[Tweeters] Fill Phalarope

Connie Sidles constancesidles at gmail.com
Tue May 20 04:05:47 PDT 2014


Hey tweets, yesterday afternoon I was leading a walk around the Fill for Trileigh Tucker's natural history students from Seattle University, when a RED-NECKED PHALAROPE flew into Main Pond for a brief moment. I actually thought it was a Wilson's at first, since that would be far more likely at the Fill in spring, but luckily Trileigh got some great photos, which she has promised to post on her Flickr site.

When I checked my records, I learned that Red-necked Phalaropes used to be more common migrants at the Fill back in the 1940s. On May 20, 1980, Ellen Ratoosh saw 65 of them. Since then, none had been spotted either in spring or fall until 2009, when Evan Houston found one in August. We had a couple more that fall, and one the following August, then nothing until now. What a great bird!!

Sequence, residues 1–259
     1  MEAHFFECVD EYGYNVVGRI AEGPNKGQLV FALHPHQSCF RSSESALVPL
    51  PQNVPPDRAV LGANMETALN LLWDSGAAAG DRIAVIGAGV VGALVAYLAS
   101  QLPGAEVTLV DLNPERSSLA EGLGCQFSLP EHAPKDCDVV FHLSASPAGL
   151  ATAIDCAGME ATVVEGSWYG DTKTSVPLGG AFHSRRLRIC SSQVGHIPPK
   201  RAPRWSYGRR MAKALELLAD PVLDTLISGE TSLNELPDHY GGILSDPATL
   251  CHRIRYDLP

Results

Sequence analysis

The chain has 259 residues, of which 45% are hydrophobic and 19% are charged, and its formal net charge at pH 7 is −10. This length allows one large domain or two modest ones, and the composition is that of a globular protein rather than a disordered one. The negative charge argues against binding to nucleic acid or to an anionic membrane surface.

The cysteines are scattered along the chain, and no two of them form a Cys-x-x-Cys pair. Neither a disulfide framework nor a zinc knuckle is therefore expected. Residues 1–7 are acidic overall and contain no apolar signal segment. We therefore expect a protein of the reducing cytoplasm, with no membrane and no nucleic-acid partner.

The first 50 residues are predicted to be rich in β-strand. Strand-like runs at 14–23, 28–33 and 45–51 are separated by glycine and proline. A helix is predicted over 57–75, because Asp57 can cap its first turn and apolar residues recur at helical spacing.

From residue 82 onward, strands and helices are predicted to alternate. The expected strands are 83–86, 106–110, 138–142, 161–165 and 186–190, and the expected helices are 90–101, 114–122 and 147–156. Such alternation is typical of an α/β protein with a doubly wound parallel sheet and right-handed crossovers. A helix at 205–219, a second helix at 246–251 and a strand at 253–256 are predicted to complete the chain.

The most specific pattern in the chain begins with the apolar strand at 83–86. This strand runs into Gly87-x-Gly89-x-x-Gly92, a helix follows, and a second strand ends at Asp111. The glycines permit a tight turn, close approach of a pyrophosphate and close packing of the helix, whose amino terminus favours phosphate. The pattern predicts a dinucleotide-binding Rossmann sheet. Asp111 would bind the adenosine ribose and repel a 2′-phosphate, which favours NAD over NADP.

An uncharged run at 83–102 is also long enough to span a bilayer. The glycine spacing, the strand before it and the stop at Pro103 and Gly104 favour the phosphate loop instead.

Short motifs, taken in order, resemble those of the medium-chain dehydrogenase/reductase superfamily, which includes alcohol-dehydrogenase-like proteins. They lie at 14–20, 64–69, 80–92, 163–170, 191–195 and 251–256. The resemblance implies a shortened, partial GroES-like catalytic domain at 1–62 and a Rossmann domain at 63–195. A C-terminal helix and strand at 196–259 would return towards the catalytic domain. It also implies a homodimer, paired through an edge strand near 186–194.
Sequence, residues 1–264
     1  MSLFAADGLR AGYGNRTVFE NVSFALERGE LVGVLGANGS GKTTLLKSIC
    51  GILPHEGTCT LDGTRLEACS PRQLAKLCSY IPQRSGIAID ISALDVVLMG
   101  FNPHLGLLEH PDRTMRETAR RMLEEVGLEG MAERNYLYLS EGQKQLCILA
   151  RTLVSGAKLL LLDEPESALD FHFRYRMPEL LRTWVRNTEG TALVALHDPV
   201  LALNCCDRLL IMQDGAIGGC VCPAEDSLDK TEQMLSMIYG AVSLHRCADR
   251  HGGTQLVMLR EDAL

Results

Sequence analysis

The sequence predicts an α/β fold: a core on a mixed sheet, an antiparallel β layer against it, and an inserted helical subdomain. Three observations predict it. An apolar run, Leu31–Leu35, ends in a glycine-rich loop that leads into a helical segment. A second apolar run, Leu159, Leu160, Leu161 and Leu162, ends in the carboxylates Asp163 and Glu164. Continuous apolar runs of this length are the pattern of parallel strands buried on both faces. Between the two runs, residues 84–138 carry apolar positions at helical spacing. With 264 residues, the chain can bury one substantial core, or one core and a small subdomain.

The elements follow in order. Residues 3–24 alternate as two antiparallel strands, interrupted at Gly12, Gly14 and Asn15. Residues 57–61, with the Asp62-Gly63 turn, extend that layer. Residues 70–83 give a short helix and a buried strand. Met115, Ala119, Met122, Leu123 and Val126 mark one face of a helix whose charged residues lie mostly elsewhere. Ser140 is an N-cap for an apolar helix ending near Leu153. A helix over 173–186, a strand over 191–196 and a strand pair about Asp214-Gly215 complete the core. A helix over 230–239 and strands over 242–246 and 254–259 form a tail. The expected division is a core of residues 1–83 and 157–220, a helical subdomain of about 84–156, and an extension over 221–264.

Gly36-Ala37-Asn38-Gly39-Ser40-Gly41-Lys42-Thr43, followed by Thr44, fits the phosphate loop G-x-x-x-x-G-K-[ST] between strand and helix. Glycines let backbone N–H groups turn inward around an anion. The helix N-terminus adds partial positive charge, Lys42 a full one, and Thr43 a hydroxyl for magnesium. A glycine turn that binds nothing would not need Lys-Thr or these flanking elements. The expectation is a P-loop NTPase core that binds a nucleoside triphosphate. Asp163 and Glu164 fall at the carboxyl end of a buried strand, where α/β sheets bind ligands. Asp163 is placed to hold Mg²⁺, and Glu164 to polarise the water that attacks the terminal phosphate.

Also present on Main Pond were a Spotted Sandpiper, a pair of Ring-necked Ducks, three Wood Ducks, a Cinnamon Teal, some baby Mallards, and a female NORTHERN PINTAIL, who has been hanging out here for some days now. A Bullfrog added to the general mix.

After the students left, I decided to stay awhile in hopes the phalarope might return. It never did, but nonetheless, I found it almost impossible to leave. The late afternoon sun covered everything with a golden dusting of light, the swallows were dipping over the pond and giving little squeaks as they flew over my head, the birds were singing but softly as evening approached. Peace filled my soul, a rare thing in the city. Here is a poem for you today:


Unceasing city noise stifles the sibilant wind,
the sweet finch song,
sigh of wings flying by.
I strain to hear Nature's music.
It is here.

- Connie, Seattle




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